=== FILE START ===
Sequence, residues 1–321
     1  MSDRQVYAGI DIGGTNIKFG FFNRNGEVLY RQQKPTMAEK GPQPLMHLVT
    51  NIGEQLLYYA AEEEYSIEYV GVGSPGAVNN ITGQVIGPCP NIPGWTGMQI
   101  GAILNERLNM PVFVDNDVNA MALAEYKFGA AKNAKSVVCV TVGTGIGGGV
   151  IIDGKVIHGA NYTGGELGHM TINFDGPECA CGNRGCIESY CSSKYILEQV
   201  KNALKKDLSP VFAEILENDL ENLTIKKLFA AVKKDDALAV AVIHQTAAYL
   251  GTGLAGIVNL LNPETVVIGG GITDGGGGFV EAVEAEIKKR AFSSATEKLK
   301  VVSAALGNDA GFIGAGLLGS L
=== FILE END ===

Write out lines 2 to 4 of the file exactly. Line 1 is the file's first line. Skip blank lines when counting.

     1  MSDRQVYAGI DIGGTNIKFG FFNRNGEVLY RQQKPTMAEK GPQPLMHLVT
    51  NIGEQLLYYA AEEEYSIEYV GVGSPGAVNN ITGQVIGPCP NIPGWTGMQI
   101  GAILNERLNM PVFVDNDVNA MALAEYKFGA AKNAKSVVCV TVGTGIGGGV